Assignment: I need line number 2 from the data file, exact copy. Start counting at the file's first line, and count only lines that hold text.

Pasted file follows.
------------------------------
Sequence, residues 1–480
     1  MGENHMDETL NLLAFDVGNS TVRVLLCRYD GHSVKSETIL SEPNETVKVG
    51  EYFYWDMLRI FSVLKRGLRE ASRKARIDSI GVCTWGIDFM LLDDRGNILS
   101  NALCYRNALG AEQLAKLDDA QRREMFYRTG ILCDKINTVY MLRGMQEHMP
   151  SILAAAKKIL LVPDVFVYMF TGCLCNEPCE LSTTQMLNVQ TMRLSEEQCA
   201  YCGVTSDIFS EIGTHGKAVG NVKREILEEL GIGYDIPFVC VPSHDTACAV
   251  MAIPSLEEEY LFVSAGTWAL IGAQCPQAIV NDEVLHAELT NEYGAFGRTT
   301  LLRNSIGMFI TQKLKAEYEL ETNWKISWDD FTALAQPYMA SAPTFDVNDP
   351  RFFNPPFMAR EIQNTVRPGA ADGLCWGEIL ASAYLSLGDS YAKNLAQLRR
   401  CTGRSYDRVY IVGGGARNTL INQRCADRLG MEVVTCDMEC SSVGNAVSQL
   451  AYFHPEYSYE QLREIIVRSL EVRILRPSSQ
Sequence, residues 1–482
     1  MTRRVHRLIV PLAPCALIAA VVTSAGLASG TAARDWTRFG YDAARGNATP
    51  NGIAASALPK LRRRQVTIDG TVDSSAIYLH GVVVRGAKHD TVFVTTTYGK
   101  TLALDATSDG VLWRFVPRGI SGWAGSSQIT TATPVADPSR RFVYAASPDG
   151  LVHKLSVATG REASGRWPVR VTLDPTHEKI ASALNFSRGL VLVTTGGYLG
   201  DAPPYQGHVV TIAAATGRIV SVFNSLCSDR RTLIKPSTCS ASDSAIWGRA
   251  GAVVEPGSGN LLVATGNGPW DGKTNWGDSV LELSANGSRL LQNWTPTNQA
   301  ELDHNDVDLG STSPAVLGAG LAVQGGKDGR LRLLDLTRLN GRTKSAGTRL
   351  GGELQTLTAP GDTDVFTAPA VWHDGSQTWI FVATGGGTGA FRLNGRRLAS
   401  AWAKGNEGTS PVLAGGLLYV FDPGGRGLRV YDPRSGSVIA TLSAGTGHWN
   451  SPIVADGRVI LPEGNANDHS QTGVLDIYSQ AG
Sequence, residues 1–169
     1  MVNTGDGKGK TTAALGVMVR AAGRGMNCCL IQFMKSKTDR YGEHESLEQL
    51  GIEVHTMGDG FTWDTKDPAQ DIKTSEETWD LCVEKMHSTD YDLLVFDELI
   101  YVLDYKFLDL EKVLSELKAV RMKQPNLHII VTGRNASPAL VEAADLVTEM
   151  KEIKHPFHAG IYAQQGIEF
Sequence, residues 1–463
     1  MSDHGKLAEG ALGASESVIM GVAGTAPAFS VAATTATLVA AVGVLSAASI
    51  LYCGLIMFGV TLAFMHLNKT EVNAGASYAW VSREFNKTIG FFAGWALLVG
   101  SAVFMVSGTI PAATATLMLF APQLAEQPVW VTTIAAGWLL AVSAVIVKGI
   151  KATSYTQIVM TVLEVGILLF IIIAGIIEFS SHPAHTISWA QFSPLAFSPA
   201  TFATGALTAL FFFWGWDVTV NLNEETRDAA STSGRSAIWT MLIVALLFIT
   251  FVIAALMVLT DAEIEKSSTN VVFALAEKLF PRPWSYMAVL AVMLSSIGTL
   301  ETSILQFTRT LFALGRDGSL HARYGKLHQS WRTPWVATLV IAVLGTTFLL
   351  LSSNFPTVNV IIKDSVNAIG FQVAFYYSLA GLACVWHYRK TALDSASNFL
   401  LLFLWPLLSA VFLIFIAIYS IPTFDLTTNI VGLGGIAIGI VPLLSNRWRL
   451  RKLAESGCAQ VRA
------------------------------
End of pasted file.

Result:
     1  MGENHMDETL NLLAFDVGNS TVRVLLCRYD GHSVKSETIL SEPNETVKVG